A few days ago I read this post over at the YS blog from Jonathan McKee about programming.
I don’t typically do a lot of reading to discover what’s going on out in the world. I’m pretty ignorant on culture, politics, and latest ministry trends (I guess there was something called “post modernism” … but never really knew what that was about). For years this has been a source of laughter and myrthment for both Doug Fields and I. He loves “the news,” and think that’s hilarious. I’m ignorant on just about every current event, and he thinks this is funny (still not sure why).
This is just another reason why we’ve been such good friends over the years. Anyhow, it probably seems like I’m way off topic, but I’m not:
Even I, the one who is basically in a bomb shelter of oblivion and ignorant bliss, have caught wind of “those people” who think programming isn’t a good way to do youth ministry.
Now, McKee is filled with way more tact than I will ever achieve (which I liked), but I’ll say it like this:
There is nothing of any substance done anywhere without program.
That may be a slight overstatement, but not by much. Here are a few observations:
- Schools have programs (can education even happen without a text book and a school bell and a clock) (maybe Montessori schools don’t have these…I’m not sure)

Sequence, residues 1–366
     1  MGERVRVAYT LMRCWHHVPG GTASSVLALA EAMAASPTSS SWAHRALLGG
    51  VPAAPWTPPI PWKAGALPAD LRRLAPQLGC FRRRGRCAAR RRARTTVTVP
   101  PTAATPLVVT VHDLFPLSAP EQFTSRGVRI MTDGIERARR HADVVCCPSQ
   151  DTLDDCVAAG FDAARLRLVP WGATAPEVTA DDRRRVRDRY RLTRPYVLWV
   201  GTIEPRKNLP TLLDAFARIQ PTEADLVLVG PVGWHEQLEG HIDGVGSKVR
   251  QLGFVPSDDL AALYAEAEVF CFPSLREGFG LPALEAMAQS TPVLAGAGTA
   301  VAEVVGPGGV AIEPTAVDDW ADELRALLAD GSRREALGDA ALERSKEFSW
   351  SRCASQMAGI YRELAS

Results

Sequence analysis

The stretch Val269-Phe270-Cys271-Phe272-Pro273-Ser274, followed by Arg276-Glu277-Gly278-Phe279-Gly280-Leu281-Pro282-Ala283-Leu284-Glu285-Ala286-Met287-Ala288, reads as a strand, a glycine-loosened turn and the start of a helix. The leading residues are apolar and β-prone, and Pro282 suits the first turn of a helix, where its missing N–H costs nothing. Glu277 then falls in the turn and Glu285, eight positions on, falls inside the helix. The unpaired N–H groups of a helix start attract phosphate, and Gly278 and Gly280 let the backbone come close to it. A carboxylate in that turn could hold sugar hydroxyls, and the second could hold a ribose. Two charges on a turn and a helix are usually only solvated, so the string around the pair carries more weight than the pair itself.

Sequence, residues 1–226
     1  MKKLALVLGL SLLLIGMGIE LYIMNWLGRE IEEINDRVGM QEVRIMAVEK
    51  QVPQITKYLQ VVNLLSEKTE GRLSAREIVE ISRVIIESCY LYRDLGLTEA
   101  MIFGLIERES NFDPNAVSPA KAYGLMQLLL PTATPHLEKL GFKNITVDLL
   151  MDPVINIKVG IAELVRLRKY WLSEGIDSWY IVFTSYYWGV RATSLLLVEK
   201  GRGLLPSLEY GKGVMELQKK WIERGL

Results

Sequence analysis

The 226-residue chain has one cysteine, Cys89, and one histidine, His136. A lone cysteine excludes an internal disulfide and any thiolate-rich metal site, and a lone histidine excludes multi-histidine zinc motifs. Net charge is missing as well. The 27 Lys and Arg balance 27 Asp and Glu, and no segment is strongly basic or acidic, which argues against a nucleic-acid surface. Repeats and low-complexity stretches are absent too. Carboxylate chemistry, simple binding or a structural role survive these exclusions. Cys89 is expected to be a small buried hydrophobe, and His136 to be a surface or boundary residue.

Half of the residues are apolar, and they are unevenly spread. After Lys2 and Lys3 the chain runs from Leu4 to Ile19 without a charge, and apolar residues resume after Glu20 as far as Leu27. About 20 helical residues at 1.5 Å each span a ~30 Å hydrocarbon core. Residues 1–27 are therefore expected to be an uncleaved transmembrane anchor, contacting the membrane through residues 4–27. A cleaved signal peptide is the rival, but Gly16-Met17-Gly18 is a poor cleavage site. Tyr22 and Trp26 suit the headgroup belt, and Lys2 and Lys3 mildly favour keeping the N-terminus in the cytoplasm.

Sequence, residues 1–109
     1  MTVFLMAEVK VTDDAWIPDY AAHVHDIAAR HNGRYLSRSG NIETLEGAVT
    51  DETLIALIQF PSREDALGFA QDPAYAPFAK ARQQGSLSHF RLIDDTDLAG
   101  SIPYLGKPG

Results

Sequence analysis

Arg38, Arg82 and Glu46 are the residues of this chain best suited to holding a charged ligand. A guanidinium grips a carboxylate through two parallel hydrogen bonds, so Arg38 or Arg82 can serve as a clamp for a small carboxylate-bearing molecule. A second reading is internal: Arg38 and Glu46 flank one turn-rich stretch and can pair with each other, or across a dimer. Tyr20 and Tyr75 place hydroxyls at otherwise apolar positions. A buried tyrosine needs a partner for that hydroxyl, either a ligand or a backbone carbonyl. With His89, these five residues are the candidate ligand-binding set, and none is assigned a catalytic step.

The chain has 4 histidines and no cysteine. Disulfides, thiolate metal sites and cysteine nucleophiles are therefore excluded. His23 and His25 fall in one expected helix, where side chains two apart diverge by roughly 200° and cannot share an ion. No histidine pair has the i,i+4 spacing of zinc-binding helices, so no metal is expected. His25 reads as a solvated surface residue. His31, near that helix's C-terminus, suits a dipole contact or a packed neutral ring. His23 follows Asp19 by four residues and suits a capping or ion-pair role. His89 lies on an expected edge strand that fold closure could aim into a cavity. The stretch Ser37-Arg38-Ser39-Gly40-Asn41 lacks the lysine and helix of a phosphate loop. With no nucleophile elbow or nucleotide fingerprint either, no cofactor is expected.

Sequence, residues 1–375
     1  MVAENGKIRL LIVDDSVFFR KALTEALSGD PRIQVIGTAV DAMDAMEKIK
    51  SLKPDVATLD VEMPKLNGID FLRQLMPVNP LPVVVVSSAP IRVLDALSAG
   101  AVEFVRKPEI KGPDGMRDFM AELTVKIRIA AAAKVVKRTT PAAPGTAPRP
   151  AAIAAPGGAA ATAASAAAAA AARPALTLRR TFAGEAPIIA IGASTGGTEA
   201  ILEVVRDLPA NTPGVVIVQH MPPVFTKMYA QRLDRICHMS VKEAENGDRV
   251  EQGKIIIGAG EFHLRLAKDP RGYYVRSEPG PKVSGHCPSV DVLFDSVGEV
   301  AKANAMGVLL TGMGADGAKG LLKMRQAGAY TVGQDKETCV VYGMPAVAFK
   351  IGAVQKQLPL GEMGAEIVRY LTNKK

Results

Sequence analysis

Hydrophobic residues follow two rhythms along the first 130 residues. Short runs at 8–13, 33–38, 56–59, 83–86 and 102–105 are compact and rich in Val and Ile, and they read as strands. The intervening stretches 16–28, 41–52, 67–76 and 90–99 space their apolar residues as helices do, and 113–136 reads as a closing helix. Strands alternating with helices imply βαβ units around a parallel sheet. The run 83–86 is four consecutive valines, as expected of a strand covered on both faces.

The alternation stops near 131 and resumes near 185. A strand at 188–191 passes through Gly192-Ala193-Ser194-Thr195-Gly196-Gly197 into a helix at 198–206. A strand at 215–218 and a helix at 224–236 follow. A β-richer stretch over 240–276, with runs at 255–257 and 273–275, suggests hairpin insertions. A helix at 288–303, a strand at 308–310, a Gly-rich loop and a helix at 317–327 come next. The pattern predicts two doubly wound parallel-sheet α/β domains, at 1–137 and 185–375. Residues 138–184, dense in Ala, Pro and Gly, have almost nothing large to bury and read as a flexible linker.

- Political parties have programs (to raise money, to preach a platform)
- Sports teams have programs (practices, games, etc.)
- Every business has programs (meetings)
- Even psychologists have programs (set length of meeting time, specific objectives/treatments are predetermined)
- Human life is a program (birthdays, holidays, traditions, rituals)
- Entertainment is program (don’t even need to list)
“BUT MCGILL, the church isn’t anything like any of these!” If that’s a real thought out there, I don’t even know where to begin with you.
“BUT MCGILL, none of my friendships are programs!” Ok…but… most of them probably started at some kind of a program, and they certainly were deepened because of some programs…and if you are best friends with some person you met at random at the street and all you do is randomly meet and continue to do nothing–way to go! You are one in a trillion.
I also liked McKee’s balanced approach, as he outlined the dangers (and past mistakes) on relying too much on program. Great stuff.
Programs are important. Life change does happen at programs…and programs are an excuse for relationships to form and foster and develop and deepen.
We can love program too much…but we can also “love” relational ministry too much…
Anyhow, good article, McKee. I probably need to check out some of your other stuff.
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